Bill Gates told us we were not ready–and he was right. In 2015, he issued a warning that if anything were likely to kill over 10 million people, it would not be missiles but microbes (1). “If we start now, [he said,] we can be ready for the next epidemic.” But we were not ready and, as a result, we have scrambled to address the immediate health and social needs of those affected by COVID-19 without always recognizing some of the harmful secondary impacts of the SARS-CoV-2 virus or its impacts on specific populations such as women.

It is clear that there is a gendered aspect to the epidemic. International as well as numerous grassroots organizations have identified that women have been experiencing additional challenges during the pandemic (2, 3). Much of this extra burden is the result of socially prescribed roles and responsibilities–particularly those related to home, family, and caregiving. As a result, more women than men are employed part-time or in casual positions with low wages. The resulting economic insecurity, among other issues, contributes to challenges in escaping an abusive partner and finding safe accommodation.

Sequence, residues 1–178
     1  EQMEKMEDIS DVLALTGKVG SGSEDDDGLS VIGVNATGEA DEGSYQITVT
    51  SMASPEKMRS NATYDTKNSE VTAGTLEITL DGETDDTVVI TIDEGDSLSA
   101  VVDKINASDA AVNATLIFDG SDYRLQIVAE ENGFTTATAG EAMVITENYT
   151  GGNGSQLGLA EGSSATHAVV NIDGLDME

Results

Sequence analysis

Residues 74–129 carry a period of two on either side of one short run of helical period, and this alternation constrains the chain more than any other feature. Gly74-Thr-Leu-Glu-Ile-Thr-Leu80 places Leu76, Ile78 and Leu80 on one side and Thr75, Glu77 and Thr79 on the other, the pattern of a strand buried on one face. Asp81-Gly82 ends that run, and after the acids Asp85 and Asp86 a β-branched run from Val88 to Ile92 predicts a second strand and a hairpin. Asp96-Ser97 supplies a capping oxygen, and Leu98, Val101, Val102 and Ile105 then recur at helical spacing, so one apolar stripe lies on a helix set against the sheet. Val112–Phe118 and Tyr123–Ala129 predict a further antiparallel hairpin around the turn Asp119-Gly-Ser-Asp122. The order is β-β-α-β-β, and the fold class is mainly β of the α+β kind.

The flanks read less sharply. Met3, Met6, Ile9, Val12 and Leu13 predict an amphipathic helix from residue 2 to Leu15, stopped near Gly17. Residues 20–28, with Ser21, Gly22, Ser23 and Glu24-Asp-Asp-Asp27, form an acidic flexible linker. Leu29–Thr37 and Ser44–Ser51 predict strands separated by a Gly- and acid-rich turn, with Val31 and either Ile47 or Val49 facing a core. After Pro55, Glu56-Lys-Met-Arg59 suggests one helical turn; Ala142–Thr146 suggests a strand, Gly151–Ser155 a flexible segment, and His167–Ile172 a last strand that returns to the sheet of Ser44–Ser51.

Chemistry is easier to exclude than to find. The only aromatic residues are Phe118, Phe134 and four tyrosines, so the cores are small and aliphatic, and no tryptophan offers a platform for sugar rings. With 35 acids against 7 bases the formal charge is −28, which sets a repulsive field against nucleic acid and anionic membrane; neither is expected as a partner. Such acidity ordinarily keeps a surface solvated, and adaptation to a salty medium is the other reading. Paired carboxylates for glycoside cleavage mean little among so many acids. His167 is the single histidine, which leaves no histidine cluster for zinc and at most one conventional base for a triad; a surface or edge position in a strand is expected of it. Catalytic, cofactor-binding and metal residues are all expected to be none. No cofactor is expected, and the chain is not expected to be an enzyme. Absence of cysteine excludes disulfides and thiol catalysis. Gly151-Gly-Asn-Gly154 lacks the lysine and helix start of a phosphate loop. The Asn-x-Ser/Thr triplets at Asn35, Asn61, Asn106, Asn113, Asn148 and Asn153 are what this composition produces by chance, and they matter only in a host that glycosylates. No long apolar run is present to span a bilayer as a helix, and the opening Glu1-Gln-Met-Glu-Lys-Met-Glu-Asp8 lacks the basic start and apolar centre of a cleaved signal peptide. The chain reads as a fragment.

In the mid-1990s, the United Nations and World Health Organization declared violence against women as one of the most pernicious and pervasive human rights violations and public health concerns of our time. The most prevalent form of this violence, globally, is intimate partner violence with almost one-in-three ever partnered women having experienced physical or sexual assault at the hands of an intimate partner (4); 35% of women who were intentionally killed in 2017 were murdered by an intimate partner (5). The fallout of intimate partner violence, particularly in the context of health, is striking; 42% of women abused by their partners are physically injured. They are also twice as likely as those who are not abused to experience depression and have issues with alcohol use and 1.5 times as likely to contract a sexually transmitted infection, including HIV (4).